I won't go on about the ridiculousness of commercial room deodorizers and instead focus on how easy it is to make your own - and with a small kit of essential oils and a bit of sniff knowledge, you can literally have a home chest of smells for every occasion.
If you want your chosen essential oil blend to be balanced and to last, you need a mix of top, middle and base notes. While you sniff an overall blend when you have mixed a few essential oils together, there is actually an order to the way they emerge. What you smell in the first few minutes will not be the same as what you smell a half hour later.
Top Notes are the first you smell first when you breathe in a blend. This is because the are made of tiny, light molecules that evaporate quickly. These top note scents are often described as cheerful, bright, light, refreshing. Citrus oils fall into the category of top notes.
Middle notes give a blend their main body and you will recognise them because they are generally the most popular scents. Middle notes do not evaporate as quickly as top notes and stay around after the top notes have gone. Lavender is an example of a middle note.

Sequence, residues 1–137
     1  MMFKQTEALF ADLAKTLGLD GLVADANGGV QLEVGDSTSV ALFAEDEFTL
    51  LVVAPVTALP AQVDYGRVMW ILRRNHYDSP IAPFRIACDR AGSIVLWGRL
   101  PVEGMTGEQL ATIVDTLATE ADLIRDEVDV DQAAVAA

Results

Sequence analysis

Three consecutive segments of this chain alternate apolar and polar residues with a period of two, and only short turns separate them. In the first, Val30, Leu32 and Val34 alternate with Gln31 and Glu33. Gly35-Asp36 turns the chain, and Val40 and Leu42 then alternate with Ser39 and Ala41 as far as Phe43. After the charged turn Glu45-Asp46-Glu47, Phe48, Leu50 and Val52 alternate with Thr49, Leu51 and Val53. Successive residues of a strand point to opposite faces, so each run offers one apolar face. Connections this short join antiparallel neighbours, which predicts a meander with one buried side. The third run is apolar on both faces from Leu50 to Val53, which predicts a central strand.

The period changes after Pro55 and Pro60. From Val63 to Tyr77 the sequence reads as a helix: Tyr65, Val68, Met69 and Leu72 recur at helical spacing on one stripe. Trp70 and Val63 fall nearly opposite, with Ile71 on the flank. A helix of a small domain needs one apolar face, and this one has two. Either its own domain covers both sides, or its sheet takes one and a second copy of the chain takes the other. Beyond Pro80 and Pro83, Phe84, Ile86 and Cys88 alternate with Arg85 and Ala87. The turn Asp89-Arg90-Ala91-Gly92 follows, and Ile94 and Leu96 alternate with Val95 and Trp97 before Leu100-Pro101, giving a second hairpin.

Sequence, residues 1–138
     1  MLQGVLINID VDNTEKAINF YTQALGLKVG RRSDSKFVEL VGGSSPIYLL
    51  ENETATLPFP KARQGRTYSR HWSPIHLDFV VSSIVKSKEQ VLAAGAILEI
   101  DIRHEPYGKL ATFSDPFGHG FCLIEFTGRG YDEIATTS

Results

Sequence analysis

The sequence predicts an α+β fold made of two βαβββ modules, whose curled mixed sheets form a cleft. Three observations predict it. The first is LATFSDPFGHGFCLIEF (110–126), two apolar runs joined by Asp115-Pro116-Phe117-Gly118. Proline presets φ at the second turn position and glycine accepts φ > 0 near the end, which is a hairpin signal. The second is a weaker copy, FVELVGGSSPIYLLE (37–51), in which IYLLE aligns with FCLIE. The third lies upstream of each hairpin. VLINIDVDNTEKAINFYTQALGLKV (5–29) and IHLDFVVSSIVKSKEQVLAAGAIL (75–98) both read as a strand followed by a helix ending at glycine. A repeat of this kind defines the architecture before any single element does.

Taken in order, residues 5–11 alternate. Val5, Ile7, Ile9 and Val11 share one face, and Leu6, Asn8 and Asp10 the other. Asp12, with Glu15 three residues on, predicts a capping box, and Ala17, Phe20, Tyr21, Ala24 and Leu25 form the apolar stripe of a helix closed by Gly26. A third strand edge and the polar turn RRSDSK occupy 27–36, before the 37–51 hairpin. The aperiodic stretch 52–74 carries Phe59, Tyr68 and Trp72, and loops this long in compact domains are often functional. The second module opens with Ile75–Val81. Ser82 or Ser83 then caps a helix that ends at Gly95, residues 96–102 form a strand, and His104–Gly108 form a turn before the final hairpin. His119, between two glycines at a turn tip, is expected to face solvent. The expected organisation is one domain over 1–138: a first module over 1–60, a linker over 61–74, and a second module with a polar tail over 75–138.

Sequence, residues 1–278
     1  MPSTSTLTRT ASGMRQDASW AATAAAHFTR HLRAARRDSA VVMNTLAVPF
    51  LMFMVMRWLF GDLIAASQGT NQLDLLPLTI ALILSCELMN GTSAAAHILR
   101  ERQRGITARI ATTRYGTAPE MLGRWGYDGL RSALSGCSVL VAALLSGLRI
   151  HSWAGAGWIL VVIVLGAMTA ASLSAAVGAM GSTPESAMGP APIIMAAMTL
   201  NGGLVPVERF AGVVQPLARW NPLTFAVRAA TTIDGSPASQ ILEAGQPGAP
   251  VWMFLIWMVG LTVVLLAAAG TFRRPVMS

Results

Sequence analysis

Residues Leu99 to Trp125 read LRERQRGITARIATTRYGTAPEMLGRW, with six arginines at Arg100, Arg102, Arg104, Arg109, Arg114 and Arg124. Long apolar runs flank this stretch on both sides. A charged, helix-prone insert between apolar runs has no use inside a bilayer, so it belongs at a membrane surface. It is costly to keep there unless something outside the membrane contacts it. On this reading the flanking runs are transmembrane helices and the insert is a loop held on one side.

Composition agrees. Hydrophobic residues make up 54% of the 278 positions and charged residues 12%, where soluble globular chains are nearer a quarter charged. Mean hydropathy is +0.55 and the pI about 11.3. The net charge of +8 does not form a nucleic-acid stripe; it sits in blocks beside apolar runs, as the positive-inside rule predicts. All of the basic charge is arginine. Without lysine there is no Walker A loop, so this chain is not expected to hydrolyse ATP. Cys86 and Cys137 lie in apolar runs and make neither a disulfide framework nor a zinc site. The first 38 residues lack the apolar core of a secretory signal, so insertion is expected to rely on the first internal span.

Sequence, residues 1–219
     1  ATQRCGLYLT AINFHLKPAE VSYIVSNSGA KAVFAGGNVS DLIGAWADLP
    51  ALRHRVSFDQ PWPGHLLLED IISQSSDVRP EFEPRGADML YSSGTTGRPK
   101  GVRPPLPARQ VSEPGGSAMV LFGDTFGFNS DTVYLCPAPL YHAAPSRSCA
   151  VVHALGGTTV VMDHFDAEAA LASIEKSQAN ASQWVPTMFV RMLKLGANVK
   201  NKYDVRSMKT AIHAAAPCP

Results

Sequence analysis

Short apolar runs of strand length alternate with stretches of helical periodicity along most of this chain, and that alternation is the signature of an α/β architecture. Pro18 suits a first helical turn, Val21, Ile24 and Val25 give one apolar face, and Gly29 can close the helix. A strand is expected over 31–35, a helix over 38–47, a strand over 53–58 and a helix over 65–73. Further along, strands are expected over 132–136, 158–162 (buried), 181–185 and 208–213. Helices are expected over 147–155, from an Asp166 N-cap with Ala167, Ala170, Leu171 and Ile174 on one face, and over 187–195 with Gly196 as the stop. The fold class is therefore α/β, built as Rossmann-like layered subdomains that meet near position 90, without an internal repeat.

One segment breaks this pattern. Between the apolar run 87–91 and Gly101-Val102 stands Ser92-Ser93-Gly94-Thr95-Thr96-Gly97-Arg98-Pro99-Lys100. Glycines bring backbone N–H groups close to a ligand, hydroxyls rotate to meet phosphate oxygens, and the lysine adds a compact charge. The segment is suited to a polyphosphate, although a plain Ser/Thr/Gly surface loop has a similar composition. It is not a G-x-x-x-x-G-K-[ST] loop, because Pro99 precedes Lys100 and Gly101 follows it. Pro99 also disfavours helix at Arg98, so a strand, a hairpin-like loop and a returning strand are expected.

Base notes have heavy molecules that are slower to emerge and take much longer to evaporate. Base notes add depth and richness to a blend as well as acting as an anchor for the blend. Sandalwood and Patchouli are both examples of base notes.
Ideally your essential oil blend for a spray, personal scent or diffuser, will contain a top, middle and base note, allowing for a balanced blend that is pleasing to the senses. The recommended ratio is 30:50:20 (Top:Middle:Base), so simply count your drops in this pattern.
Here is a list of common essential oils, with their note standing and a description of their scent from Complete Guide to Essential Oils on Wikibooks.